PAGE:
Friday, September 7, 2012

Learning from Losing

Photo by Patrick Bloom.

I don’t think I can say this enough: I hate losing.

I am trying to teach myself to find success in small victories. August 25th we played the Mid Iowa Rollers, which has been an emotional match up for me in the past, and I didn’t cry, I didn’t give up, and I didn’t get mad. There were moments that my brain started to drift, but I recognized those destructive feelings and chose not to react to them. Yes, it sucked that were down by up to 100 points, it sucked that we were heavy on penalties, and it sucked that we had a hard time in the first half, but there is no value in should/would/could of statements. 

We did have some pretty great defense of our own, holding their jammers for long periods of time, and stopping the point hemorrhaging. Towards the end I had a 20 point jam, with their jammer on the track, due to the wonderful blocking of my teammates. It helped the crowd get excited and kept us pumped. It wasn’t enough to win the bout, but we did cut their lead in half. That felt good.

I have been playing roller derby for nearly four years and every week I am learning something new about myself or the game. When we first started, we played a wide range of competitors, trying to find our feet and our skill level. We were pretty decent as a newer team, so there were a few blowouts in our favor that we marked down as wins and made us feel good. It's easy to get 20 point jams in lopsided competition, and it's easier to play controlled defense against fresh jammers. Of course, playing against any team is going to give us some feedback of how we play together, and let us try new things, but it's not going to push us as hard to improve and find our weaknesses. 

The first time we played a version of the Minnesota Rollergirl All-Stars, and I reference this bout often, I instantly got frustrated and upset. It was HARD and my instinct was to hide. Looking back I realize I just had not gone up against that caliber of blocking yet and I hadn't developed my mental game well enough to deal with it. I despised losing, and anytime we struggled I would instantly go into panic mode, which would affect my jamming, which would piss me off, which would send me spiraling into a sloppy mess.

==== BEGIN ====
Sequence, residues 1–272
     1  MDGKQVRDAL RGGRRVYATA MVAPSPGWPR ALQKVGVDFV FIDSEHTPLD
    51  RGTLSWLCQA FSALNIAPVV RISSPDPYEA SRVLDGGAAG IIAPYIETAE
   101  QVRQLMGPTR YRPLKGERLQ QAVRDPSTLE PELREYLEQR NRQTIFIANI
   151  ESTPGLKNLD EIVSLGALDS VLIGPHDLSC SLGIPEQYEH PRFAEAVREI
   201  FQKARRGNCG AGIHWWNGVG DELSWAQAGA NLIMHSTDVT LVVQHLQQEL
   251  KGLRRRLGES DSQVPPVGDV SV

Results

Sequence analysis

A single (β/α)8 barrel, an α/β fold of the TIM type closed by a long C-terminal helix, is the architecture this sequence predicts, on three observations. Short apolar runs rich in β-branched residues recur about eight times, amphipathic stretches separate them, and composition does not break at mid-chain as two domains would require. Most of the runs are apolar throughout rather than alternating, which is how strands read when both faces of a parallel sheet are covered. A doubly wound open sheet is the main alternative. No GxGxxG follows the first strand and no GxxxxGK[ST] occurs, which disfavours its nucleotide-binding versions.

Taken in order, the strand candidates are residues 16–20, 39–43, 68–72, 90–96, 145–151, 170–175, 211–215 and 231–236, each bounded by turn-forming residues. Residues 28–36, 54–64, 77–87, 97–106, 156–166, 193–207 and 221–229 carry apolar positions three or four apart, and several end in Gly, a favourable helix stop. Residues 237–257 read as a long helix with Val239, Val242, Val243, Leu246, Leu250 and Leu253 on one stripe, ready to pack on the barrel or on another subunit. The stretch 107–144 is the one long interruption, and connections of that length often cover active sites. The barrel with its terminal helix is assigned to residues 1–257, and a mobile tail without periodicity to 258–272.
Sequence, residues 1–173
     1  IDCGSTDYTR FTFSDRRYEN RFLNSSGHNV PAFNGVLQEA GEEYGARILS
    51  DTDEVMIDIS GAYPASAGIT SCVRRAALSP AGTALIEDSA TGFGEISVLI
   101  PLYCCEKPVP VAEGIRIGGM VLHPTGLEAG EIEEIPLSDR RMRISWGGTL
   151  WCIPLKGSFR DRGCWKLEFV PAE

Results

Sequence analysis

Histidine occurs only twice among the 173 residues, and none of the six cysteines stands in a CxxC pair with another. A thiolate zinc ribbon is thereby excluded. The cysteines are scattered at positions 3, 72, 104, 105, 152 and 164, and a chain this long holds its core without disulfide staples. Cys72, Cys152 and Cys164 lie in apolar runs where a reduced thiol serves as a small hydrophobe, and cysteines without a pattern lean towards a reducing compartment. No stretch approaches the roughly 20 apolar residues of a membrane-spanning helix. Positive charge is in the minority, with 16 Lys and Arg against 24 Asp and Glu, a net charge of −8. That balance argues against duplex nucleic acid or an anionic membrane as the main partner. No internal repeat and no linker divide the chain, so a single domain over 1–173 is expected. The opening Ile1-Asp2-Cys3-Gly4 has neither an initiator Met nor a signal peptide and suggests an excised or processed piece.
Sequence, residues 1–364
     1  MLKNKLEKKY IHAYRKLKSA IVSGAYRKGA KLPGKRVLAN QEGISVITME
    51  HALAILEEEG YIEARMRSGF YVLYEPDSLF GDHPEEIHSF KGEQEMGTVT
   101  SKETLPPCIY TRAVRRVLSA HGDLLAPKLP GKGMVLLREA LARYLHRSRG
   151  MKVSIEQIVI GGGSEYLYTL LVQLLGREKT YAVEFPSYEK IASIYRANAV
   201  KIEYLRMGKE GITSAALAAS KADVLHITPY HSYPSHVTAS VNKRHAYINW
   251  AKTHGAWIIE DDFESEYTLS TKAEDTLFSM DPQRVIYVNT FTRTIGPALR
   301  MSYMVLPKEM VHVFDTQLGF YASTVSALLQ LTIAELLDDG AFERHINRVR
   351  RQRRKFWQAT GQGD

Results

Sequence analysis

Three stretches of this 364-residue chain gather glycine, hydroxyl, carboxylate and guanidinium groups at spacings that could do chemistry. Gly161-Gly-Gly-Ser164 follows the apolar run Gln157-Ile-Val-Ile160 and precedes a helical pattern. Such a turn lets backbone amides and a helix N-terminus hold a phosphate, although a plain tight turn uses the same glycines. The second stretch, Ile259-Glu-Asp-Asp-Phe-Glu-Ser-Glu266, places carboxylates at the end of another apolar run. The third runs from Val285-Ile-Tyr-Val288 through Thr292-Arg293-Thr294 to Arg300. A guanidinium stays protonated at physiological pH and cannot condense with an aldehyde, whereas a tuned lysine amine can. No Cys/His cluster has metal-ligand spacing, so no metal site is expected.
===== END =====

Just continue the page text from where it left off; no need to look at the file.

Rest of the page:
In the star, lots of eyes are on you. Especially when you fall. It sucks and is embarrassing, but all you can do is get back up.  Photo by KORfan.
 About 90% of the time we are on skates, we are practicing or scrimmaging against ourselves. The other small percent of the time we are competing and testing ourselves against others. This is the best kind of feedback, and reflecting on a losing bout in a bad way is never going to help me improve. Instead I am thinking of situations that were hard, and trying to figure out what I can do different next time. I’m picturing the moments that our pack didn’t stop the jammer, and looking for ways to work together better. I have to admit that I did learn a lot from playing the Mid Iowa Rollers, and they exceeded my expectations. Part of me is mad and frustrated that this time they were better, but I am choosing to let that go and figure out how we can win next time.